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Role of percutaneous coronary intervention in the modern-day management of chronic coronary syndrome
  1. Timothy Cartlidge1,
  2. Mila Kovacevic2,
  3. Eliano Pio Navarese3,4,5,
  4. Gerald Werner4,
  5. Vijay Kunadian1,6
  1. 1 Cardiothoracic Directorate, Freeman Hospital, Newcastle Upon Tyne Hospitals NHS Foundation Trust, Newcastle Upon Tyne, UK
  2. 2 Cardiovascular Diseases of Vojvodina, Cardiology Clinic, Sremska Kamenica, Faculty of Medicine, University of Novi Sad, Novi Sad, Serbia
  3. 3 Department of Internal Medicine, Division of Cardiology, Pulmonology and Vascular Medicine, Nicolaus Copernicus University in Toruń Ludwik Rydygier Collegium Medicum in Bydgoszcz, Bydgoszcz, Poland
  4. 4 Klinikum Darmstadt GmbH, Medizinische Klinik I (Cardiology and Intensive Care), Darmstadt, Germany
  5. 5 SIRIO MEDICINE Research Network, Bydgoszcz, Poland
  6. 6 Translational and Clinical Research Institute, Newcastle University, Newcastle upon Tyne, UK
  1. Correspondence to Professor Vijay Kunadian, Newcastle University Translational and Clinical Research Institute, Newcastle upon Tyne, NE1 7RU, UK; vijay.kunadian{at}


Contemporary randomised trials of percutaneous coronary intervention (PCI) in chronic coronary syndrome (CCS) demonstrate no difference between patients treated with a conservative or invasive strategy with respect to all-cause mortality or myocardial infarction, although trials lack power to test for individual endpoints and long-term follow-up data are needed. Open-label trials consistently show greater improvement in symptoms and quality of life among patients with stable angina treated with PCI. Further studies are awaited to clarify this finding. In patients with severe left ventricular (LV) systolic dysfunction and obstructive coronary artery disease in the Revascularization for Ischemic Ventricular Dysfunction trial, PCI has not been found to improve all-cause mortality, heart failure hospitalisation or recovery of LV function when compared with medical therapy. PCI was, however, performed without additional hazard and so remains a treatment option when there are favourable patient characteristics. The majority of patients reported no angina, and the low burden of angina in many of the randomised PCI trials is a widely cited limitation. Despite contentious evidence, elective PCI for CCS continues to play a significant role in UK clinical practice. While PCI for urgent indications has more than doubled since 2006, the rate of elective PCI remains unchanged. PCI remains an important strategy when symptoms are not well controlled, and we should maximise its value with appropriate patient selection. In this review, we provide a framework to assist in critical interpretation of findings from most recent trials and meta-analysis evidence.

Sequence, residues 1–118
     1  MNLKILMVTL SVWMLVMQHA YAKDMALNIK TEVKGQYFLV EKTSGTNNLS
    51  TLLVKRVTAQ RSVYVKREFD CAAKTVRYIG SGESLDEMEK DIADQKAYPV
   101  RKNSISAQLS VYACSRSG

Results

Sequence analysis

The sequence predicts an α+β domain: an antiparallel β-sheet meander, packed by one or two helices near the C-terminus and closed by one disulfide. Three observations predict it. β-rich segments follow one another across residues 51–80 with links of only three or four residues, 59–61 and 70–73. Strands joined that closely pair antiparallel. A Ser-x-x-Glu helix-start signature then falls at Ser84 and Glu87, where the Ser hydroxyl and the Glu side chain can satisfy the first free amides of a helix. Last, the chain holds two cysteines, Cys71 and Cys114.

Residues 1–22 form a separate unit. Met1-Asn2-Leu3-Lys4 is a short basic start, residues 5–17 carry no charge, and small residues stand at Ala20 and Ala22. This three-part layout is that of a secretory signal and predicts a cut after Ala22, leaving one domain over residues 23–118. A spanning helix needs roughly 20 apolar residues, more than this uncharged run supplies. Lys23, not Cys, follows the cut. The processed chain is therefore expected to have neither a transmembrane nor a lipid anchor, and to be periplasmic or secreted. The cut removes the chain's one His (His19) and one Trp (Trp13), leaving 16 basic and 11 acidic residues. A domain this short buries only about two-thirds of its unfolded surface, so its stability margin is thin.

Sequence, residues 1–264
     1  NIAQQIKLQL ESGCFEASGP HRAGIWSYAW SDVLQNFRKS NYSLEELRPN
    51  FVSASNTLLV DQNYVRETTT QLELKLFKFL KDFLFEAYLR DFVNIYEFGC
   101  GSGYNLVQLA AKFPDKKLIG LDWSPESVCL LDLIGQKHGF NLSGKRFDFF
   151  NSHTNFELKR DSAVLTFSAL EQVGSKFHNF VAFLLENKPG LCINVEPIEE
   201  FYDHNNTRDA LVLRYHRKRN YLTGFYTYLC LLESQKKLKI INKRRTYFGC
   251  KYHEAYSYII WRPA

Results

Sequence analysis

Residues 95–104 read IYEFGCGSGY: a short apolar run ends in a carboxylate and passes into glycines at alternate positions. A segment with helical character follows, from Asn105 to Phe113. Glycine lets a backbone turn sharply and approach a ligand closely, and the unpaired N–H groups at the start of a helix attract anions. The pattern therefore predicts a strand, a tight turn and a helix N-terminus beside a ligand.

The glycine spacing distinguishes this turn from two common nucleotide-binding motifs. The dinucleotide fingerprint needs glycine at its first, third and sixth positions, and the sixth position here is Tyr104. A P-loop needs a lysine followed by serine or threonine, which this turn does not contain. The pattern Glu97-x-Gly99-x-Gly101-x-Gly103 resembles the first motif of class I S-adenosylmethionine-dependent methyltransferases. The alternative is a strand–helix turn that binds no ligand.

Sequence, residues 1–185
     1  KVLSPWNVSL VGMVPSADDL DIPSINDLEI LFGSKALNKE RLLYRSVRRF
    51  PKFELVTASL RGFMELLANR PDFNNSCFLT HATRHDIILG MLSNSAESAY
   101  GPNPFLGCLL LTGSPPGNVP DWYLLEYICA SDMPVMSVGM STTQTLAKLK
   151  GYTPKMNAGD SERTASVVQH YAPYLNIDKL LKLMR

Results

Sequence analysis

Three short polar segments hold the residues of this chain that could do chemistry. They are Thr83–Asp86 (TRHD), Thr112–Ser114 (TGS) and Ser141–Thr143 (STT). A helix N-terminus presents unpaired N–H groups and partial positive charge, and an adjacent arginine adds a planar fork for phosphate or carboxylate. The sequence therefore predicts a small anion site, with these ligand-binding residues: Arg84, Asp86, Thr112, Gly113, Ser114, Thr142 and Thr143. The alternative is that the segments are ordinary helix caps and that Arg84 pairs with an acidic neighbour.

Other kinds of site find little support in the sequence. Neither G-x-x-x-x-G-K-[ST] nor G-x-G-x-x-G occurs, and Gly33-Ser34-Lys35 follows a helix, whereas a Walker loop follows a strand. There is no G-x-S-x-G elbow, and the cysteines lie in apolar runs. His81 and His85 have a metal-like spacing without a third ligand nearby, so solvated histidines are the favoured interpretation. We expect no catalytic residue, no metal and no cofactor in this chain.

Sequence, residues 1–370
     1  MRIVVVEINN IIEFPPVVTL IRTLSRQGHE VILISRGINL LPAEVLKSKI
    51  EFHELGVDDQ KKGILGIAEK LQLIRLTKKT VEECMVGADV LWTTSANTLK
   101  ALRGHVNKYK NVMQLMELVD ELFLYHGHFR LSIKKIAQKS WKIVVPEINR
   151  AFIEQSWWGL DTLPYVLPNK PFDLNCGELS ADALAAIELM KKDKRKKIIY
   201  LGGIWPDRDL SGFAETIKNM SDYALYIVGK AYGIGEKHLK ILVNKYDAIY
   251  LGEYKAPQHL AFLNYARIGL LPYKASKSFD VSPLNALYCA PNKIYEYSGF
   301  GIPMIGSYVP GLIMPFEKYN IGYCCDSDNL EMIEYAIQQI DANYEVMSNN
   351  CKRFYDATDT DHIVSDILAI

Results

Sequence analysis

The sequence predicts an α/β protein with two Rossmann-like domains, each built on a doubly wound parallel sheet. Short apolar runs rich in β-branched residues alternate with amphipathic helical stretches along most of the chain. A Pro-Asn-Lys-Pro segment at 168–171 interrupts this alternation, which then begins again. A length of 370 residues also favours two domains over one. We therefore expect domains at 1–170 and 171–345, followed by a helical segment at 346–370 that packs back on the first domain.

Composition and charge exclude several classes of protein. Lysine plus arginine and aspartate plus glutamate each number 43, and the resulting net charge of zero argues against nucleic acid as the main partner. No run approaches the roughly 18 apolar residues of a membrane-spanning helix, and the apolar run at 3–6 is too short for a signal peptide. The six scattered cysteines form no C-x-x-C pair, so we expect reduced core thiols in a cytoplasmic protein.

• Percutaneous Coronary Intervention
  • Angina Pectoris
  • Pharmacology
  • Coronary Angiography
  • Coronary Artery Disease

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  • Twitter @timcartlidge1, @VijayKunadian

  • Contributors TC, MK and GW wrote the first draft and undertook multiple revisions. TC, MK, EPN and GW provided critical review. VK conceived the idea and undertook multiple revisions.

  • Funding VK received research funding from the British Heart Foundation (CS/15/7/31679). The funders had no role in study design, data collection and analysis, decision to publish or preparation of the manuscript. EPN reports research grants from Abbott and Amgen and lecture fees/honoraria from Amgen, AstraZeneca, Bayer, Pfizer and Sanofi-Regeneron outside the submitted work. GW received speaker honoraria for Abbott Vascular, ASAHI Intecc, Orbus-Neich, Philips, Siemens, Shockwave Medical and Terumo.

  • Competing interests VK is an associate editor for Heart.

  • Provenance and peer review Commissioned; externally peer reviewed.